The Stanford Consensus
My technology habits are eccentric. I use an old fashioned, non-Internet connected Samsung flip phone with a postage-stamp size screen. I’m not on Facebook or Twitter, and my RSS reader is an emaciated husk, subsisting on a small number of feeds, mainly the blogs of friends. Long ago, I configured Gmail to automatically mark every message as read when it arrives in my inbox, frustrating my attempts to perform distracting quick scans for new messages during the day.
The rational foundation of my eccentricity is the increasingly alarming research coming out of Stanford’s Communication between Humans and Interactive Media (CHIMe) lab. Pioneering researchers from this lab are converging on a scary consensus. It’s long been understood that you’re less productive when you’re constantly switching your attention; that is, the claimed benefits of multitasking are false. Researchers at the CHIMe lab, however, have found that the impact of electronic multitasking goes beyond the momentary sense of distraction, it can also create permanent changes in the brain.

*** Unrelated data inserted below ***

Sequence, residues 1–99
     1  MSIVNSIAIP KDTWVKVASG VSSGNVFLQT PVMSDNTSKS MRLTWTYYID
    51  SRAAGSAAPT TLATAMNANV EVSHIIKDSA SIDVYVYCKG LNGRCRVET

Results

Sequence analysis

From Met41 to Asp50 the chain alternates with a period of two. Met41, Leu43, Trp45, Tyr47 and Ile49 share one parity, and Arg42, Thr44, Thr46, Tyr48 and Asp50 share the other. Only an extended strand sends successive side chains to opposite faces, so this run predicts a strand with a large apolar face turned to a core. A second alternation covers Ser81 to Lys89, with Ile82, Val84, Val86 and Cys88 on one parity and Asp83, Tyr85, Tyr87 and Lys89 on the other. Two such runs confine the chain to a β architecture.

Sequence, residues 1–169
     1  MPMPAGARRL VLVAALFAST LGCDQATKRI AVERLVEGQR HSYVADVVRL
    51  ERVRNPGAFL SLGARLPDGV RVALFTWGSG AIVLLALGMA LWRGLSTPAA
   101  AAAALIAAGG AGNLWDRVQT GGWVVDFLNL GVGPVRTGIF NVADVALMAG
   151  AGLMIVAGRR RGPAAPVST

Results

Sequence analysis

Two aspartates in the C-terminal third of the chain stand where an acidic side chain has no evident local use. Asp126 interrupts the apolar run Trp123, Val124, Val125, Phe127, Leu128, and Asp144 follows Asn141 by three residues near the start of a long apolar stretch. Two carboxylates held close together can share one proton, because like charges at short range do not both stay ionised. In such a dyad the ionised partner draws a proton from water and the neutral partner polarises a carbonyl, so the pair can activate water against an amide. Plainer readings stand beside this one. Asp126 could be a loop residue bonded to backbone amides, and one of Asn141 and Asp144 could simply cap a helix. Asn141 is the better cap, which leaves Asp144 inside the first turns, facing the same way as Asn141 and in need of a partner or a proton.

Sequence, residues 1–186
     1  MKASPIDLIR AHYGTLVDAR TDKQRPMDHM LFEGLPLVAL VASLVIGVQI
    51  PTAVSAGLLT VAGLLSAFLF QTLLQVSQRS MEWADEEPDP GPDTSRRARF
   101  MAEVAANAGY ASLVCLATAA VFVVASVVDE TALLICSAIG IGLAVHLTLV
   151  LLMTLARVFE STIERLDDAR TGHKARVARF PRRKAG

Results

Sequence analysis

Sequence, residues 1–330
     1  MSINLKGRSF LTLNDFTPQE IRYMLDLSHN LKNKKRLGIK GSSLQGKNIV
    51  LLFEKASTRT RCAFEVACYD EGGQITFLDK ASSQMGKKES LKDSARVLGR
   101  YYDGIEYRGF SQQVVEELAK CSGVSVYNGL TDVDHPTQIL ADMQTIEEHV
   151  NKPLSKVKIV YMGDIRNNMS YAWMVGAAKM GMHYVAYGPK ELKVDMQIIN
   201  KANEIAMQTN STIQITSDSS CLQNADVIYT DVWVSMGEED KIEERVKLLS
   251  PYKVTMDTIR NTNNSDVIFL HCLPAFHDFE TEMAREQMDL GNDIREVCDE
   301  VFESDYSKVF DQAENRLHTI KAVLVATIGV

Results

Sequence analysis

As reported in a recent New York Times article, subjects who were identified as multitaskers did “a significantly worse job” on experimental tasks that required them to filter out irrelevant information — even though they weren’t multitasking during the experiment.
“Other tests at Stanford,” reports the same article, “showed multitaskers tended to search for new information rather than accept a reward for putting older, more valuable information to work.”
Or, as Clifford Nass, a communications professor at Stanford, summarized: “the scary part for [multitaskers] is they can’t shut off their multitasking tendencies when they’re not multitasking.”
This is why I invest so much effort in isolating myself from electronic distraction. In my two fields, theoretical computer science and writing, the ability to focus on hard things for long uninterrupted periods is my most valuable currency. If I lose this ability, I might also lose my livelihood.
As the computer scientist Donald Knuth once said, “Email is a wonderful thing for people whose role in life is to be on top of things. But not for me; my role is to be on the bottom of things.”
The Danger to Students
That’s the rational explanation for my behavior. If you want the emotional explanation, however, turn your (perhaps distracted) attention from Stanford’s CHIMe lab to my blog e-mail inbox.